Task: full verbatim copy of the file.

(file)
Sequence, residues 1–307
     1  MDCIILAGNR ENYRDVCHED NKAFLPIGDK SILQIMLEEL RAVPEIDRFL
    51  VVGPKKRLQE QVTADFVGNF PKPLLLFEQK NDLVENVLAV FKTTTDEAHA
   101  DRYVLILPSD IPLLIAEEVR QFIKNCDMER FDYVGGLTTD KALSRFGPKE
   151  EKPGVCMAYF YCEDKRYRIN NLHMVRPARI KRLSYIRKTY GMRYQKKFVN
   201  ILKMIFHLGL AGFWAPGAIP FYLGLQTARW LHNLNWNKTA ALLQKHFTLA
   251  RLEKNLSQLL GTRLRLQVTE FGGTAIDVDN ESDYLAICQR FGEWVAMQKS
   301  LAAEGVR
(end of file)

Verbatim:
Sequence, residues 1–307
     1  MDCIILAGNR ENYRDVCHED NKAFLPIGDK SILQIMLEEL RAVPEIDRFL
    51  VVGPKKRLQE QVTADFVGNF PKPLLLFEQK NDLVENVLAV FKTTTDEAHA
   101  DRYVLILPSD IPLLIAEEVR QFIKNCDMER FDYVGGLTTD KALSRFGPKE
   151  EKPGVCMAYF YCEDKRYRIN NLHMVRPARI KRLSYIRKTY GMRYQKKFVN
   201  ILKMIFHLGL AGFWAPGAIP FYLGLQTARW LHNLNWNKTA ALLQKHFTLA
   251  RLEKNLSQLL GTRLRLQVTE FGGTAIDVDN ESDYLAICQR FGEWVAMQKS
   301  LAAEGVR